Most landlords I know own their own home and have raised enough capital to buy other homes to rent out. It's a great idea. Get someone else to pay your mortgage while you maintain ownership of the real estate. And because real estate over the long term tends to appreciate, this approach can result in terrific profits.
Motley Fool Income Investor
holding American Financial Realty Trust
But what's in it for banks, such as Wachovia
All this allows banks to improve liquidity, eliminate depreciation expense associated with owning real estate, avoid regulatory concerns, and increase earnings and key financial ratios. It's win-win all around. (Income Investor editor Mathew Emmert expounds more on this concept if you need more details.)
Is there a downside? I can think of two. First, Bank of America
The other downside is potential short-term real estate risk. If, for some reason, the company needs to dispose of real estate quickly in an unfavorable market, shareholders would be hurt. Also, if it buys property in a crummy area that does not appreciate as expected, they'll be left holding the bag.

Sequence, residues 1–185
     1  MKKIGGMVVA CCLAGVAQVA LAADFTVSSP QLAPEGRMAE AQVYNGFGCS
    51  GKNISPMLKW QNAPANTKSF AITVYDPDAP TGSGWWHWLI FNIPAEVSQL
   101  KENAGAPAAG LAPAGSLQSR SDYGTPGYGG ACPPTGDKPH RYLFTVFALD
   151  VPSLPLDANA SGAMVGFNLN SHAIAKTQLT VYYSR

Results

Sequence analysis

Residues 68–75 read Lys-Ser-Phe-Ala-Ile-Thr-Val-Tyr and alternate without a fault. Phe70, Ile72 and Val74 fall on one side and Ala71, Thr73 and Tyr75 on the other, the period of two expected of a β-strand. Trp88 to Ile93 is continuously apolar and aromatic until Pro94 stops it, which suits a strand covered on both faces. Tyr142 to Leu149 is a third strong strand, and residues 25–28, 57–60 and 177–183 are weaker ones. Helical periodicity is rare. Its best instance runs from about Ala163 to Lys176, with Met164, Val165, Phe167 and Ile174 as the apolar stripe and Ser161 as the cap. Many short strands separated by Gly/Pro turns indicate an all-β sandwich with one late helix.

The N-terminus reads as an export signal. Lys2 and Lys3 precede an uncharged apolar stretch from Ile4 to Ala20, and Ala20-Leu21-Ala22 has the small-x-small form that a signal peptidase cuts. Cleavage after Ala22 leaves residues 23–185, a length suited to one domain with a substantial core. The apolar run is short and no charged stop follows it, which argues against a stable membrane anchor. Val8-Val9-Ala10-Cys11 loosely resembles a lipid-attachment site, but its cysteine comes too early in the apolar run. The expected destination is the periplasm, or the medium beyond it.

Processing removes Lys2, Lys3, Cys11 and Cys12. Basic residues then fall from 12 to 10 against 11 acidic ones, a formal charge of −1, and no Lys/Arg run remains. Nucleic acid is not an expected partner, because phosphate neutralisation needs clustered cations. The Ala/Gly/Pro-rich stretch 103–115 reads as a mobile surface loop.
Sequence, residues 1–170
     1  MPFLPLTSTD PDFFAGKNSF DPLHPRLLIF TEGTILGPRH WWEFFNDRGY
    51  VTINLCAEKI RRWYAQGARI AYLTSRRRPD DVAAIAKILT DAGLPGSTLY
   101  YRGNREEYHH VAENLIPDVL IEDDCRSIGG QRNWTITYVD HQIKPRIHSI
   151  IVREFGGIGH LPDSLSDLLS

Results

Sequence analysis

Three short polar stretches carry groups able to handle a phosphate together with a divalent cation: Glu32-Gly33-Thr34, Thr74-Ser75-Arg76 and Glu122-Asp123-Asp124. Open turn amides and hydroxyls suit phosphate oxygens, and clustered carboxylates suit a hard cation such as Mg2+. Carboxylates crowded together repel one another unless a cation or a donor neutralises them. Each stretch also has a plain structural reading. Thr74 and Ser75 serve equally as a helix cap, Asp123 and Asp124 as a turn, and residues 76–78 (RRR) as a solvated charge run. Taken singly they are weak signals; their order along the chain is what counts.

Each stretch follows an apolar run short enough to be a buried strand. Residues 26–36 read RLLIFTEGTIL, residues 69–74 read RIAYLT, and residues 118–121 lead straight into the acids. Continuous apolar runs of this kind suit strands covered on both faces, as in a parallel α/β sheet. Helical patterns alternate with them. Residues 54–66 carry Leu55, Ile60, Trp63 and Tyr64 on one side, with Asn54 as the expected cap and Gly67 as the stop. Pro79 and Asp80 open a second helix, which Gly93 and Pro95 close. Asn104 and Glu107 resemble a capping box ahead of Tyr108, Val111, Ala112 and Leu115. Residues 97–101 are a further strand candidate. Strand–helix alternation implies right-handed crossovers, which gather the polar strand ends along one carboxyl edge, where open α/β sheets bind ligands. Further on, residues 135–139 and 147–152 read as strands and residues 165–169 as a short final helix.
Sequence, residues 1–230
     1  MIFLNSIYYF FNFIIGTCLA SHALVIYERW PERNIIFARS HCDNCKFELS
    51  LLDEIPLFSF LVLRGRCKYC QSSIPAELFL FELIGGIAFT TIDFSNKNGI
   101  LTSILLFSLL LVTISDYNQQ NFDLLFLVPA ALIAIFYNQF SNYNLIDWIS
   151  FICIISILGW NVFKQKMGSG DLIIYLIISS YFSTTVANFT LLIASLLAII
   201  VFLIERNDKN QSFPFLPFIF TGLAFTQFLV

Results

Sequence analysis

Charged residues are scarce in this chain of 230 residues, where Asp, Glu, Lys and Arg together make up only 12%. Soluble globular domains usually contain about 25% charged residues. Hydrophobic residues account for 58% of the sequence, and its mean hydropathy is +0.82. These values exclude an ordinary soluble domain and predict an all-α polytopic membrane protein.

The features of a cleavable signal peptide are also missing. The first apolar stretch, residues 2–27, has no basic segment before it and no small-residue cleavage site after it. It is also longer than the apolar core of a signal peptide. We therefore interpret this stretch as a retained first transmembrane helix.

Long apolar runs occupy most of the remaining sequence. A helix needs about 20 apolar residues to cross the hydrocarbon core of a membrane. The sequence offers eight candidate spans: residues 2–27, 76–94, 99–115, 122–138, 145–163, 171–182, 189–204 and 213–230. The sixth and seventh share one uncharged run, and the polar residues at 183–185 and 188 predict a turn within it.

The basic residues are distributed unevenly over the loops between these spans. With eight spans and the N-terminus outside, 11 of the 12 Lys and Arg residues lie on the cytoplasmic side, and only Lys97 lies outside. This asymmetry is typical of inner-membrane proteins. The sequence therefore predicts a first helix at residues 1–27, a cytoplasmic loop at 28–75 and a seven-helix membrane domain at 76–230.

As with all investments, particularly with ones involving banks, it behooves you to really dive into the company's 10-K. But from my perspective, American Financial is not an investment I'll be making a withdrawal from anytime soon.
For related Fool links, see:
Want to get into the landlord business? Better have a look at the Fool's Home Center first.
Fool contributor Lawrence Meyers owns shares of American Financial Realty and wishes he was Snidely Whiplash so he could demand the rent.